The vacant site is comprised of four properties located at the intersection of Prairie Avenue and Flint Street. The site area is a total of 49,372 square feet. The concept consists of three blocks of two and three storey townhomes flanking the interior and rear lot lines as a respectful buffer to the adjacent townhome and single family developments, with a five-storey, mixed-use apartment building at the corner of Prairie and Flint. Parking will be underground with access from the lane, and a drop-off area is proposed to be located next to the lane. The main floor of the mixed-use apartment building is proposed to house a total of 16,000 square feet of commercial space that would house a nonprofit, community daycare (5200 sq.ft.), a community health centre and or other social enterprise endeavors. Floors two-five above will house 76 dwelling units, from small studio units to four-bedrooms, ranging in size from 320 to 1,300 square feet. The townhomes being proposed consist of eight, three-bedroom units, four, four-bedroom units and one, five-bedroom home ranging in size from 1,200 through 1,600 square feet and having a height of three storeys; there is one, two-storey townhome. The total approximate gross floor area is 15,400 square feet. The total proposed square footage for the development is estimated to be 94,000 square feet.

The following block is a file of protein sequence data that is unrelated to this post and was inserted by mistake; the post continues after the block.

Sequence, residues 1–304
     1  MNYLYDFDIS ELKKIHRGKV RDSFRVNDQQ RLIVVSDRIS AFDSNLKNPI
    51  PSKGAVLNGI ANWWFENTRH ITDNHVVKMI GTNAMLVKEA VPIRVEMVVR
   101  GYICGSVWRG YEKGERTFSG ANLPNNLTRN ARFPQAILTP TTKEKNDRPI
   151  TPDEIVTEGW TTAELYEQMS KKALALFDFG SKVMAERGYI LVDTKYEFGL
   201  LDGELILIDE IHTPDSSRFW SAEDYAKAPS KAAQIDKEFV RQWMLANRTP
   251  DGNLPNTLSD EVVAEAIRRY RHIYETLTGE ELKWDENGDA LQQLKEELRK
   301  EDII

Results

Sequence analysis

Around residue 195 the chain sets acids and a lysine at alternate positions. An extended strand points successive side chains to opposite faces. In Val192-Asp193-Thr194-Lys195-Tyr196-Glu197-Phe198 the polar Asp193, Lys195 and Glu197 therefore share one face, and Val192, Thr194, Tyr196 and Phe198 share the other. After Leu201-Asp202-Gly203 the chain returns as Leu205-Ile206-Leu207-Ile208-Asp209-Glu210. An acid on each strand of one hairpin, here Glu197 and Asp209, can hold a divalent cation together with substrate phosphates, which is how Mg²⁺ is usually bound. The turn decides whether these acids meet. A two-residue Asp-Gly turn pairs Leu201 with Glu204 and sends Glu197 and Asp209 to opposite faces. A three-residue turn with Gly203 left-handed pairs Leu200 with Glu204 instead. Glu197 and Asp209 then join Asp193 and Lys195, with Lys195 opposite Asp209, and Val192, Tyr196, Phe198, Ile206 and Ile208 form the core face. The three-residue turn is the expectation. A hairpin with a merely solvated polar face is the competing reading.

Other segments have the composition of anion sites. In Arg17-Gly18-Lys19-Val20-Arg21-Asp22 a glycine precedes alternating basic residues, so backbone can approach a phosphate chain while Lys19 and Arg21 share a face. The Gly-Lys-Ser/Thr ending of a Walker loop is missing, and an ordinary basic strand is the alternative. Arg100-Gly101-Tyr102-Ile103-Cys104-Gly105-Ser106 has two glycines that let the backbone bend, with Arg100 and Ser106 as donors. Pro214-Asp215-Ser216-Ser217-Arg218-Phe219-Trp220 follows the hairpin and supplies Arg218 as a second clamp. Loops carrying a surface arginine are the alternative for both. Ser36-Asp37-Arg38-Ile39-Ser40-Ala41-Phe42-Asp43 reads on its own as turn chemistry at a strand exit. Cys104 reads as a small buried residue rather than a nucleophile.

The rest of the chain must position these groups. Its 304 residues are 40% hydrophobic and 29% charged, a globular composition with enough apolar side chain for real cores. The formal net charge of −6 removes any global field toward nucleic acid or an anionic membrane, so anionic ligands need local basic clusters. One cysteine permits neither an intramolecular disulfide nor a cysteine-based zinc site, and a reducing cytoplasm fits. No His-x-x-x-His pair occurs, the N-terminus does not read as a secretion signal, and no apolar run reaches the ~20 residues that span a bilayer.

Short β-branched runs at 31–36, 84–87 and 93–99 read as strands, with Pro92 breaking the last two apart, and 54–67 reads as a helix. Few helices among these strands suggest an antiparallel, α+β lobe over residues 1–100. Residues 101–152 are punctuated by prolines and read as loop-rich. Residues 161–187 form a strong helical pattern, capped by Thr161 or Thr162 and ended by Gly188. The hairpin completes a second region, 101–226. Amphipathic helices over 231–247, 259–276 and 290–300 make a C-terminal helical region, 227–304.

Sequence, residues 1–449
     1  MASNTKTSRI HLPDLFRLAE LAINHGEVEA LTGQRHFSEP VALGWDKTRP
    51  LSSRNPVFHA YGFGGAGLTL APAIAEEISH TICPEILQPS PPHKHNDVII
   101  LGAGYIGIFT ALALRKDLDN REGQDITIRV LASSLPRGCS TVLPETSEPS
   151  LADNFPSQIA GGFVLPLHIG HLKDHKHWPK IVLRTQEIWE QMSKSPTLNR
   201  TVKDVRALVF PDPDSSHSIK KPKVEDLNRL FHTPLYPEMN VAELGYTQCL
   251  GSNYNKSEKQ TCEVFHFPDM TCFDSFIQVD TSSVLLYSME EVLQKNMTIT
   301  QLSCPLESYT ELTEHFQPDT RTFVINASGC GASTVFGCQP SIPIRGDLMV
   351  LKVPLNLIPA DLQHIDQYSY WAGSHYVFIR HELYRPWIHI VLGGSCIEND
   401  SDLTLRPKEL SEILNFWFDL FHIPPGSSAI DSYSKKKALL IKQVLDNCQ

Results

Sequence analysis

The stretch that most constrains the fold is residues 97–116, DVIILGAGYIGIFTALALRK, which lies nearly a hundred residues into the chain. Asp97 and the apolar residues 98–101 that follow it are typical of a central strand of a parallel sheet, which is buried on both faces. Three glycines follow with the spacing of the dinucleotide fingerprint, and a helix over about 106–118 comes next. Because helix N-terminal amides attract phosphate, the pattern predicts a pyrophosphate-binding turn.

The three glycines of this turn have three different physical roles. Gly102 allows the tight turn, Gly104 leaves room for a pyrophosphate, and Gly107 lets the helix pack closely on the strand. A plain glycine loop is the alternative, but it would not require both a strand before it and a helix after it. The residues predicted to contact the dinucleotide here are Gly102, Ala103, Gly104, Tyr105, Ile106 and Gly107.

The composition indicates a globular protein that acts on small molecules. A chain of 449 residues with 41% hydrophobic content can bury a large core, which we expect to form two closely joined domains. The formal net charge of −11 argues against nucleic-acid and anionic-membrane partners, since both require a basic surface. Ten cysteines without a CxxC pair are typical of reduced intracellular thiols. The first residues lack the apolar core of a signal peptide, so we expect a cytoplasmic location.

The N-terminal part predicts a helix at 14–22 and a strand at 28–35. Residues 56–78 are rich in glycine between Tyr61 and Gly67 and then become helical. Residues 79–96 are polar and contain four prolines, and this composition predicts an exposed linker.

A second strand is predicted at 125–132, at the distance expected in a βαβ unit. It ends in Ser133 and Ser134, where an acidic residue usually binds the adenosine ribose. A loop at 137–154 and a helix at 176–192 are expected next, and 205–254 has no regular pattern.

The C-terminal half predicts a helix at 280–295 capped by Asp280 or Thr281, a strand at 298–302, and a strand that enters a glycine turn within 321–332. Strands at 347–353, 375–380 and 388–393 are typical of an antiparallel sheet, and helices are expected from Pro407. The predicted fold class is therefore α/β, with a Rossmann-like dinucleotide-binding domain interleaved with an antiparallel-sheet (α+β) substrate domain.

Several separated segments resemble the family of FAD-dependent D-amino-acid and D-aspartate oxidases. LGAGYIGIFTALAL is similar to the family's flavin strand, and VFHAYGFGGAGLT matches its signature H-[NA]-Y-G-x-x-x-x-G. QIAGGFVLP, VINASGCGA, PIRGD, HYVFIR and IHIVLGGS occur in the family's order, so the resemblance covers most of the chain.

Energy Saving Features

Our development will embrace the upcoming changes to the BC Building Code and the implementation of a stepped level of building code requirements as it relates to sustainability. The reduction of GHGs, energy usage and implementation of construction methodologies to ensure that our building is sustainable and energy efficient during its life cycle is an important consideration, which we take seriously.